So far it’s been a mysterious process to me, because my publishers submit the books without telling me, and then I’ll suddenly get a phone call that I’ve won.

kristinaumbrella for kathy

Have your illustrations been published in magazines?

Yes, I love working for magazines. I’ve done many illustrations for Cricket, among others.

kristina vinehair

When did you decide you wanted to illustrate for children?

When I was about five and could read children’s books on my own. Ferdinand,  A Birthday For Frances, Sylvester and the Magic Pebble– I wanted to make something as magical.



Do you have any desire to write and illustrate your own book?

It’s a goal of mine. I have a notebook full of more or less fragmented stories. I’ve been too chicken to submit them–I’m working on feeling braver.

KristinaPOPPYGIRL for Kathy

Do you have any favorite materials?  Such as paper, paints, pens, etc.?

I like Rives BK paper, Prismacolor pencils, Winsor Newton watercolors and brushes, and Conte pastels.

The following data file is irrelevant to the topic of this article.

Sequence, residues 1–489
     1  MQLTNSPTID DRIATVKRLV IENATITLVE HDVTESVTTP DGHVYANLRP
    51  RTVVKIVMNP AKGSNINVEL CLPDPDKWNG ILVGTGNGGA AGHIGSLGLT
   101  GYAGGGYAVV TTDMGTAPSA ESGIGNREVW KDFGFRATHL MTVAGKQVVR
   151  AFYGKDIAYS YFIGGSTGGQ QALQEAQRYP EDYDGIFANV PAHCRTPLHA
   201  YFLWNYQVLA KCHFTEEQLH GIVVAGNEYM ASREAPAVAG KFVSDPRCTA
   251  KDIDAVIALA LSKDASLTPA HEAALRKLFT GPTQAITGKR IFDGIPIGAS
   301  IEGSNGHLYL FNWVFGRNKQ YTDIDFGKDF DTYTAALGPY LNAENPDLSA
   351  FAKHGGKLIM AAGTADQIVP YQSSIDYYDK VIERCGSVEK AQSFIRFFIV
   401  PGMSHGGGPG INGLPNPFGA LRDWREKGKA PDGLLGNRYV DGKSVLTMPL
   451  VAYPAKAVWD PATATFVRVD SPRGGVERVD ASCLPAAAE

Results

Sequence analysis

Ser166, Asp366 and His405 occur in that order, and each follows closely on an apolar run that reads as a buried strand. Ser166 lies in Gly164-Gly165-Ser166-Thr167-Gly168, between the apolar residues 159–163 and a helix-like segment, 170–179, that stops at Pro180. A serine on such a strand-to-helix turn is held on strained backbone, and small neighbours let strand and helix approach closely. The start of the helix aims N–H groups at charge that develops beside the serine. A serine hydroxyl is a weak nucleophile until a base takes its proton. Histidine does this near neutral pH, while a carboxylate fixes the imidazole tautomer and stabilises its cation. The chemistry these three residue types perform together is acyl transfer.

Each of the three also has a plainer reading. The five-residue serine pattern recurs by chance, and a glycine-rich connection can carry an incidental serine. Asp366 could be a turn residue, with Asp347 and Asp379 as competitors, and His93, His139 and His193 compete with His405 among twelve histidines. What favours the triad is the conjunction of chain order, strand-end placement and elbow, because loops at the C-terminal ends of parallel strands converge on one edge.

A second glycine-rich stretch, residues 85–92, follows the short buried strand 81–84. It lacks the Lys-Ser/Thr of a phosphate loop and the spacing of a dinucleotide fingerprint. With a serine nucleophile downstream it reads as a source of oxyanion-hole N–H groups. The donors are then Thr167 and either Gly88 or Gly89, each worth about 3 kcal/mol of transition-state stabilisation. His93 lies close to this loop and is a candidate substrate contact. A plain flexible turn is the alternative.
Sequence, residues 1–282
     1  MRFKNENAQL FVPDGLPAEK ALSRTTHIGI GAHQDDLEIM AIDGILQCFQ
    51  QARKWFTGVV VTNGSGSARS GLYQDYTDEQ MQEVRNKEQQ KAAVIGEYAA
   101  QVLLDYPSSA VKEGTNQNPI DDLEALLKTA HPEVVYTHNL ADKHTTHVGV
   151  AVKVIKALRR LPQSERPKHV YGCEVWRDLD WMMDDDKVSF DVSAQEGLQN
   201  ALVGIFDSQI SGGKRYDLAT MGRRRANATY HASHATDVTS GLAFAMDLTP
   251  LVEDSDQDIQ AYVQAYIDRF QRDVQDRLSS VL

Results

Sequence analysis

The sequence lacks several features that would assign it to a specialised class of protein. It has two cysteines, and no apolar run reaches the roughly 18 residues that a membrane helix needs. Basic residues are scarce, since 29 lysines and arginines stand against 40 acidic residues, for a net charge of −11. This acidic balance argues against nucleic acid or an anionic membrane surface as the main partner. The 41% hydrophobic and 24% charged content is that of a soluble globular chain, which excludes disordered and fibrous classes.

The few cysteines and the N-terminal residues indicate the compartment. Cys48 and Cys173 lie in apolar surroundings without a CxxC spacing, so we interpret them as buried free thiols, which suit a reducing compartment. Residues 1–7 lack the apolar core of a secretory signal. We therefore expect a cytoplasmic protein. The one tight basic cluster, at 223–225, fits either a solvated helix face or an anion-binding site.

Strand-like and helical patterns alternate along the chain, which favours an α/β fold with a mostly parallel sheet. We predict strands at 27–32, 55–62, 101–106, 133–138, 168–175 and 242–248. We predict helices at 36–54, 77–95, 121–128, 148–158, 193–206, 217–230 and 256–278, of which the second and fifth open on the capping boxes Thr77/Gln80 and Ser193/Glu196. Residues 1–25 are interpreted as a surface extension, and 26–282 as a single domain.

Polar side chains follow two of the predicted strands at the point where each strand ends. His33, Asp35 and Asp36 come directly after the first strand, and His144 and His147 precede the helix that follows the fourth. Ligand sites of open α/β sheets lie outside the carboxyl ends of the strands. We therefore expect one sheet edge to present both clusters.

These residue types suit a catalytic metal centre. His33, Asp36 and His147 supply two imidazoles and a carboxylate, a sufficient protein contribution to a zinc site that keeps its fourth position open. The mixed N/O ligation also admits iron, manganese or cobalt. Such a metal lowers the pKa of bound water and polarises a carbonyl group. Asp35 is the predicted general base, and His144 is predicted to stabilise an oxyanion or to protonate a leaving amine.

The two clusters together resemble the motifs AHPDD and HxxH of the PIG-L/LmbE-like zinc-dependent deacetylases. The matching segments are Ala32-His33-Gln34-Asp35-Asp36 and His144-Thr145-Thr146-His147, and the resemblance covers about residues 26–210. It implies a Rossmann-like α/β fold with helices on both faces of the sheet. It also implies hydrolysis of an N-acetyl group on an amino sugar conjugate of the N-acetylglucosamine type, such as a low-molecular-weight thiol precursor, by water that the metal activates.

Do you take research pictures before you start a project?

I hardly ever work from photos–it always seems to show in the finished art, somehow.  When possible, I sketch from life, or even from my memory, instead. I had to draw an old-fashioned biplane for one project, so I built a biplane out of cardboard and drew that.

kristinastardust for Kathy

How do you get art directors to notice your artwork?

Besides my own website, I have portfolios up on various websites, and still send out mailers every so often. I research places that might use my art and submit work to them, too.


Are you represented by an agent?  If not would you like to be?  If so, who represents you and what have they brought to the table?

I have an agent in London, who’s brought me a lot of work from European clients.



Did you set up a studio in your home?

My current studio takes up half of the dining room.


Excluding the normal things like paper, paint, brushes, pencils, and pastels, is there one piece of equipment in your studio that you really like and would not want to live without?

I have one very favorite discontinued Prismacolor pencil that is only about a centimeter long, so I only use it in extreme emergencies–it’s like the Holy Hand Grenade in Monty Python.